Reader First, Writer Second: Tess Woods

Reader First, Writer Second: Tess Woods

I consider myself reader first and writer second. I could survive if I couldn’t write any more but life wouldn’t be worth living without books to read. When Better Reading asked me to recommend my favourite reads for 2018 I jumped at the chance, there’s nothing I love to talk about more than books glorious books! So here are my top picks for you guys to read this year.

I’m going to start with the five books I’ve loved for many years:

The Thorn Birds by Colleen McCullough.

I thought everyone had read this classic blockbuster, but I’ve recently been hearing about more and more readers who haven’t and that’s totally not okay with me! Colleen McCullough is the queen of Australian fiction and this was the first “grown up” book I read as a teen. Evocative, quintessentially Australian and oh so passionate, it’s definitely the book at the top of my list when I get asked for reading recommendations. The most exciting thing hands down for me when I was signed by HarperCollins, was that I now shared a publisher with Queen Colleen!

Evening Class by Maeve Binchy.

 Maeve Binchy is my favourite ever author, as in ever, ever. I’ve inhaled every single one of her novels about small town Irish life. Evening Class is the stand out for me though because I don’t think I’ve ever loved a character as much as I loved Signora who taught the Italian evening classes in this delightful second chance love story. If you’re feeling a bit down in the dumps, read this book, it’s sunshine for the soul.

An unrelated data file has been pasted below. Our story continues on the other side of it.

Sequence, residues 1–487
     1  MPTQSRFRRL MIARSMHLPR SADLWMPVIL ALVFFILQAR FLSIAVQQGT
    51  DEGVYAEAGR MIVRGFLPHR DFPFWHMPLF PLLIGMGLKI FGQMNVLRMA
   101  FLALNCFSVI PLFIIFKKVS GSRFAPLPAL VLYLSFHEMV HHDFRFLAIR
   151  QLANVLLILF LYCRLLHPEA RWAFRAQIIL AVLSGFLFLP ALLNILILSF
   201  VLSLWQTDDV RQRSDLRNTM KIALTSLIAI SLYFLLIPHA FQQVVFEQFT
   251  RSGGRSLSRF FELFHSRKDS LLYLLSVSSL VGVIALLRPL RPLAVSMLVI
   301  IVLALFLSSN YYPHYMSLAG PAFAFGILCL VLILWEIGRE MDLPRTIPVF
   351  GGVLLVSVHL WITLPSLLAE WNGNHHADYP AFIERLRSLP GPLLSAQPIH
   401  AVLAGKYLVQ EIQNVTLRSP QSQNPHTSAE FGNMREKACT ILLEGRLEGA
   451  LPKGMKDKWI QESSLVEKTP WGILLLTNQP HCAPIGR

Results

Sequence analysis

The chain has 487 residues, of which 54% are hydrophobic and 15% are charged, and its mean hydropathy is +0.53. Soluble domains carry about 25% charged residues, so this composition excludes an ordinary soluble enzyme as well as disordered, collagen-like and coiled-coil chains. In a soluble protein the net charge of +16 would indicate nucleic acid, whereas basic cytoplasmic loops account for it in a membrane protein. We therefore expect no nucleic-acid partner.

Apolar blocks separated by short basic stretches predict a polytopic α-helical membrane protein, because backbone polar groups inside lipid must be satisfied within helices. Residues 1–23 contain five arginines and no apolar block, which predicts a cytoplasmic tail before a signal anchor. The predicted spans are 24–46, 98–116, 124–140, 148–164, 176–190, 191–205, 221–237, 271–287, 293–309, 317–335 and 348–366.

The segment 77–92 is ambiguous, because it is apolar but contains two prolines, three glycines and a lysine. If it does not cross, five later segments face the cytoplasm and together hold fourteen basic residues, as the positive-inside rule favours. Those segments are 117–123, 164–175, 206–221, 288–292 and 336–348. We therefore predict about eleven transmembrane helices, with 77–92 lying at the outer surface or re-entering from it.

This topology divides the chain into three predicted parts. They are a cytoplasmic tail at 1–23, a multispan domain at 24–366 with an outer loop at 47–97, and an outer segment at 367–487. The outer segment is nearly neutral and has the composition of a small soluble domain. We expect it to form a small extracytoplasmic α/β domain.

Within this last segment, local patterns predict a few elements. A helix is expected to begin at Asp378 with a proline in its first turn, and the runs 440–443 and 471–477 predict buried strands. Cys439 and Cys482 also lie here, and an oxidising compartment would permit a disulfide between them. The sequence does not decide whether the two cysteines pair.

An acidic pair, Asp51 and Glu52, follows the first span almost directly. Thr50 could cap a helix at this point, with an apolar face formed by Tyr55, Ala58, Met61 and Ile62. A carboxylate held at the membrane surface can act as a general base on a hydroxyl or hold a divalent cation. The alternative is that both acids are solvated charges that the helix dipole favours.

Rachel’s Holiday by Marian Keyes.

What I love the most about Marian Keyes is her gift for bringing hard hitting issues to the page with her trademark warmth, charm and humour. Rachel is an addict in love with an addict – it’s a touching, raw, very sexy, sad and at times eye-wateringly hilarious read. I enjoyed Marian Keyes’ older books more than I have her novels in recent years so if you’re yet to read her stories, I recommend starting at the beginning of her back list and reading your way through them chronologically.

The Bridges of Madison County by Robert James Waller.

This remains my all-time favourite love story. I think it’s the closest thing to perfect that was ever put on paper.  A big ticket item on my bucket list is to one day go to Iowa and stand on those bridges. The simple spare prose in this heartbreaking story has stayed with me since the day I read it and Robert Kincaid is the most romantic wonderful male character of all time. He’s the muse when I write every book.

Big Stone Gap by Adriana Trigiani.

When My Big Fat Greek Wedding hit the screens, I wondered if Nia Vardalous was actually the same person as Adriana Trigiani. They both performed the same kind of magic by bringing the stories of European girls growing up torn between two cultures alive. Funny, poignant, sassy and with a huge cast of unforgettable small town characters, The Big Stone Gap trilogy was a gift I bought for several close friends after I read it so that we could share the laughs.

And now for five books that have resonated with me in 2017:

How to Stop Time by Matt Haig.